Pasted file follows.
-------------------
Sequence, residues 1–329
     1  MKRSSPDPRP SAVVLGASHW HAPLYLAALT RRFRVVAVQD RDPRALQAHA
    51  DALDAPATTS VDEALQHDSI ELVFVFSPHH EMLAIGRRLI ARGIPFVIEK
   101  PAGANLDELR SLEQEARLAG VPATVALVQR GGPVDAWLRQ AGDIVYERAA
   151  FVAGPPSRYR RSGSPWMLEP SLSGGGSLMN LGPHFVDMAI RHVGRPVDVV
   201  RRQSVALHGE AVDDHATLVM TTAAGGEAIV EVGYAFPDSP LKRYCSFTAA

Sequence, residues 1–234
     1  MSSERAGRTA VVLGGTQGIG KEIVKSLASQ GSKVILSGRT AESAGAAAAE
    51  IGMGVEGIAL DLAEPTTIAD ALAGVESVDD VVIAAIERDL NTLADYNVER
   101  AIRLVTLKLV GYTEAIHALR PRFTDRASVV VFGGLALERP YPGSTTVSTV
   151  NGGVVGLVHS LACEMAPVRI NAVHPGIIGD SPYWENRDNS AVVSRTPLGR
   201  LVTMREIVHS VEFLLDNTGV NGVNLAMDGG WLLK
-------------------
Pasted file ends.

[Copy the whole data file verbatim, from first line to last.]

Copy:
Sequence, residues 1–329
     1  MKRSSPDPRP SAVVLGASHW HAPLYLAALT RRFRVVAVQD RDPRALQAHA
    51  DALDAPATTS VDEALQHDSI ELVFVFSPHH EMLAIGRRLI ARGIPFVIEK
   101  PAGANLDELR SLEQEARLAG VPATVALVQR GGPVDAWLRQ AGDIVYERAA
   151  FVAGPPSRYR RSGSPWMLEP SLSGGGSLMN LGPHFVDMAI RHVGRPVDVV
   201  RRQSVALHGE AVDDHATLVM TTAAGGEAIV EVGYAFPDSP LKRYCSFTAA

Sequence, residues 1–234
     1  MSSERAGRTA VVLGGTQGIG KEIVKSLASQ GSKVILSGRT AESAGAAAAE
    51  IGMGVEGIAL DLAEPTTIAD ALAGVESVDD VVIAAIERDL NTLADYNVER
   101  AIRLVTLKLV GYTEAIHALR PRFTDRASVV VFGGLALERP YPGSTTVSTV
   151  NGGVVGLVHS LACEMAPVRI NAVHPGIIGD SPYWENRDNS AVVSRTPLGR
   201  LVTMREIVHS VEFLLDNTGV NGVNLAMDGG WLLK